Class of 1977: 35th Reunion

     
   

Attendees at our 35th-year reunion included Marcia Clark Arem, Wayne Barber, George Bolen, Jesse Cedarbaum, Sybil Duchin, Marybeth Ezaki, Julia Frank, Attilio Granata, Rex Mahnensmith, Margaret Sanderson McKenna, Bob McLellan, Bob Mitchell, Alan Penziner, Ricky Schneider, Gail M. Sullivan, Polly Thomas, Steve Warsof, and Sharon Weinstein. The group celebrated with a dinner at the home of Ronald Vender on the Connecticut shore.

Alan Penziner is still enjoying private practice in hem-onc in his two-person group, and sends this report. “It has been fun watching my wife’s (Paula Marantz Cohen) career progress from academic books to novels (Jane Austen in Boca, Much Ado About Jessie Kaplan, Jane Austen in Scarsdale, What Alice Knew) to public television (The Drexel Interview) to documentary film making (Two Universities and the Future of China). Our son Sam graduated from Yale in 2007 as an English major. After a dispiriting year in Manhattan, mostly unemployed, he decided that he wanted to apply to med school (but had never taken any premed courses!). He went to the post-bac program at Penn and has just finished his first year at NYU med (despite my protests, he refused to apply to Yale because he did not want to spend four more years in New Haven). Our daughter Kate graduated from Yale in 2011 as an American studies major. She has just finished her first year as a high school teacher in rural southern Arkansas via Teach for America. As usual in these desperate school districts, she is teaching science (chemistry, physics, and earth science)! They have her teaching seven classes a day and doing some sports coaching. She is actually enjoying this and has committed to another year (she may even do a third year). She may go to medical school when she is done. Once again thank you and your wife for your generous hospitality. It was great seeing everyone.”

Gail Sullivan is still in Connecticut, and in charge of all geriatric education activities at UConn medical school. “What a lovely oasis, your house was for dinner—thanks again! I took on a new responsibility two years ago as editor-in-chief of a new medical education journal, Journal of Graduate Medicine Education—a lot of work and some fun. My old house is in better shape, (finally have a kitchen!), although it needs a new roof, siding, bathrooms, and a few windows. At least the snow no longer comes in and it’s toasty warm in winter. My two kids are thriving, one in college and one in grad school, and are such good people I am amazed. I am filling my ‘free’ time with swimming, dance, x-country skiing, making costumes—and everything much easier with two new hips. Hello to our class!”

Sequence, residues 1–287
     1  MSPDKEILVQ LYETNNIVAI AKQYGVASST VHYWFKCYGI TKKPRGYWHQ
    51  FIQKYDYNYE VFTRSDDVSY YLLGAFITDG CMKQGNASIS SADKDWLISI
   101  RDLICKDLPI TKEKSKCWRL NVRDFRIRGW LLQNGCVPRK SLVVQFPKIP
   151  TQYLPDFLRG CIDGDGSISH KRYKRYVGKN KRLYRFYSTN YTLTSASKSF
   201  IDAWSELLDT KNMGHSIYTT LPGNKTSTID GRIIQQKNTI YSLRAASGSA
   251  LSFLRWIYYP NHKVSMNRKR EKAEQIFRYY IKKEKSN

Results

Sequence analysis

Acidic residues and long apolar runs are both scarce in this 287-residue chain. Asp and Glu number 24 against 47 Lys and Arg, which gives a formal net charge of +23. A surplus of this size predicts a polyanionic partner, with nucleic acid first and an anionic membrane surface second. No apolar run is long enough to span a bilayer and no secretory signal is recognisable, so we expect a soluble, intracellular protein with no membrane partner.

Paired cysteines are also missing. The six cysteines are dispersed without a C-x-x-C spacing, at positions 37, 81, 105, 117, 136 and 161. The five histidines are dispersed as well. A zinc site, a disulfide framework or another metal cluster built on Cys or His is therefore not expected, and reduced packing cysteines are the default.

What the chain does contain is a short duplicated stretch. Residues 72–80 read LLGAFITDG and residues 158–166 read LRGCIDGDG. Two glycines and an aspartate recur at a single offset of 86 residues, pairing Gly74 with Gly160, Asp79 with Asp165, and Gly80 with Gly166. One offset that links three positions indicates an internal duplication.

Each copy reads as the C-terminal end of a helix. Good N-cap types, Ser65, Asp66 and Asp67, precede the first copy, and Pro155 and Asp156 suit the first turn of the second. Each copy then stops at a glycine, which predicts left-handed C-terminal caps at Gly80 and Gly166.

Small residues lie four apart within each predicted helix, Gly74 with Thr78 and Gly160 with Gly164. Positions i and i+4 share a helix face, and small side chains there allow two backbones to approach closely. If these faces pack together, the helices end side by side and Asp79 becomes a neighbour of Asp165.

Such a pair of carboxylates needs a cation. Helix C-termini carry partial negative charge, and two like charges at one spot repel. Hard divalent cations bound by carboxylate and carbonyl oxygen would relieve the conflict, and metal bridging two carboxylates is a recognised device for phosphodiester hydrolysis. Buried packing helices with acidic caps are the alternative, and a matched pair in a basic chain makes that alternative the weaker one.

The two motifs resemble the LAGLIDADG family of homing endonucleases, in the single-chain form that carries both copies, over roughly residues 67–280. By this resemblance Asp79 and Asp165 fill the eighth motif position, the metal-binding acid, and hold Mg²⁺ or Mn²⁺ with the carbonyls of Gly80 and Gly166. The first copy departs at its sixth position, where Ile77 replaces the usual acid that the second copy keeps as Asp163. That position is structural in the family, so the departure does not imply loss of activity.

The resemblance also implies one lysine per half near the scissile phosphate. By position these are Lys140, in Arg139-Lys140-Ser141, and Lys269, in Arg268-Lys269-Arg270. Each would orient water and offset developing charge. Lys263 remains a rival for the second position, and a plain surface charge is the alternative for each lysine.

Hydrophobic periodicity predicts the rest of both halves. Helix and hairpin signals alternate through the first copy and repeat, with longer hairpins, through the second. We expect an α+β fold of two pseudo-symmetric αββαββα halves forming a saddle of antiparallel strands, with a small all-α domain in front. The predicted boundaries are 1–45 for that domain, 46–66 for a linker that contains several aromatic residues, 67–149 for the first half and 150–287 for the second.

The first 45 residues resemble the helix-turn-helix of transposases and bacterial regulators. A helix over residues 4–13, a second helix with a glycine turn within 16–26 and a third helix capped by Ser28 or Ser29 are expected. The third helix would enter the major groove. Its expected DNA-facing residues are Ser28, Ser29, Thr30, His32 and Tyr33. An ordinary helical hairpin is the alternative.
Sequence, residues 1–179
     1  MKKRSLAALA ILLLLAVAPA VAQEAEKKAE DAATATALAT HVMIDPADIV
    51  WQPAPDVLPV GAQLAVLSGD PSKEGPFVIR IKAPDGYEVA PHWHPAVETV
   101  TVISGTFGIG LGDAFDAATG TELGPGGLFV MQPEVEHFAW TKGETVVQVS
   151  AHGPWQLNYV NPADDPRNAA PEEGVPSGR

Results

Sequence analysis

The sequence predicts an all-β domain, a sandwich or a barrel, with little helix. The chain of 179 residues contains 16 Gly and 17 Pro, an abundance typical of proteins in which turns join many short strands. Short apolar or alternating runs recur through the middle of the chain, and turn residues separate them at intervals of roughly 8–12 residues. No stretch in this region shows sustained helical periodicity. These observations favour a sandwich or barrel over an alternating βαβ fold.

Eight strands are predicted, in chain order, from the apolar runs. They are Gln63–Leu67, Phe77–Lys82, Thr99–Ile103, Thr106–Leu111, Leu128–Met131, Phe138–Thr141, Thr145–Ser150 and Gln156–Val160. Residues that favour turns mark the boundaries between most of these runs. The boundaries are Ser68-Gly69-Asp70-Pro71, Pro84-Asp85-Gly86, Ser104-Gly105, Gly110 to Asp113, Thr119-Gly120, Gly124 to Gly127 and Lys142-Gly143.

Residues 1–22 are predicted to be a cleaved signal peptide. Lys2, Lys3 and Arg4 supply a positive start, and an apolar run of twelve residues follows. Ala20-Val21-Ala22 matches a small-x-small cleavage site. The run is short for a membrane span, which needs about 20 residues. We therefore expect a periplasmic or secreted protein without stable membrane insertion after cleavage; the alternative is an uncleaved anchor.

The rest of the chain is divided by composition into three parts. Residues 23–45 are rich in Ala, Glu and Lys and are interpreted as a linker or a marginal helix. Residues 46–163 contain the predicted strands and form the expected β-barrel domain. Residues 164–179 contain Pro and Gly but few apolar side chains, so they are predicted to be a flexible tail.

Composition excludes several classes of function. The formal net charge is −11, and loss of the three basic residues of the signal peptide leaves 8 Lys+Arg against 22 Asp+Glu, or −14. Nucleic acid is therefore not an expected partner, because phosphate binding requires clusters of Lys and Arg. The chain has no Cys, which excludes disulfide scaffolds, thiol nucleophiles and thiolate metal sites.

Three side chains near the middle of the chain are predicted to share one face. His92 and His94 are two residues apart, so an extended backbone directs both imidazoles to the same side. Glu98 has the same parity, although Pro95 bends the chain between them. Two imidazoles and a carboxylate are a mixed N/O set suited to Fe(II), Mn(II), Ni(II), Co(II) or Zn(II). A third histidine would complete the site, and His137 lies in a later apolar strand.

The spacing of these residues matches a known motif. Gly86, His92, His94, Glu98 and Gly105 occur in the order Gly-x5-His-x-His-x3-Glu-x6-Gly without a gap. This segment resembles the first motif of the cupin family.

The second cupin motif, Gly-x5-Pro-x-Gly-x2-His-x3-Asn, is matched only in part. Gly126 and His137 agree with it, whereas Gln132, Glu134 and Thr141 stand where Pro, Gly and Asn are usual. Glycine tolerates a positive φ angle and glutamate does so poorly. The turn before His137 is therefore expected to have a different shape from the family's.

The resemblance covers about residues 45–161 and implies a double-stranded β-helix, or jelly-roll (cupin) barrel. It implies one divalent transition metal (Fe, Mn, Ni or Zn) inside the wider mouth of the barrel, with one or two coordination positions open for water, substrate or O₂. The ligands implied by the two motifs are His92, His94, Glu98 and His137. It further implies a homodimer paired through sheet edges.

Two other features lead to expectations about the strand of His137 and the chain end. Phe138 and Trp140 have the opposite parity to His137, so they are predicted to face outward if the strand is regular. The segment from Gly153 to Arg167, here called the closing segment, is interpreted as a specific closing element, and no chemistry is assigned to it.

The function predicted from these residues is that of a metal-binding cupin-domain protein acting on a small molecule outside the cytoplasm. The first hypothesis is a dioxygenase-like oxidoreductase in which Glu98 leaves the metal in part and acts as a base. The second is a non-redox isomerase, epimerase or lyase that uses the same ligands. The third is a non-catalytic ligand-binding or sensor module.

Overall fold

Julia Frank told us that she has finally applied to become a full professor at George Washington University Medical Center, based on editing (and writing for) two books that appeared in 2012 (The Psychotherapy of Hope: The Legacy of Persuasion and Healing, Johns Hopkins Press, and Behavioral Sciences in Health Care, Hofgrefe). “I have also become a blogger for Doctors for America, doing my bit to promote health care reform (even if we have to go through health insurance reform to get there). Since the last reunion, I also fulfilled a lifelong dream and played Lady Bracknell in The Importance of Being Earnest in community theater. Now appearing in The Sorcerer as a member of the Occupy Ploverleigh! Movement—love levels ALL ranks, even the 99 percent who don’t have perfect pitch!”

Wayne Barber wrote: “First please thank Amy for hosting the reunion at your gorgeous home on the waterfront. It takes a lot for a guy who lives in Oahu to be impressed by ocean views, but sitting on your deck, the Erie Canal would have looked fabulous. Remember, we want photos of your interior when comes time for remodeling. As for the reunion, a quiet joyous meeting of old friends with the common link of having shared the finest medical education the world had to offer at that time and to see the good all of us produced. Some more than others and speaking for the latter, a sense of fulfillment whether in academics, science or in the trenches of front line patient care ... we did our best and fulfilled promises made to ourselves and Yale. Again, thank you for hosting the event, and thanks, Ricky Schneider and company, for carrying through on the details.”


 

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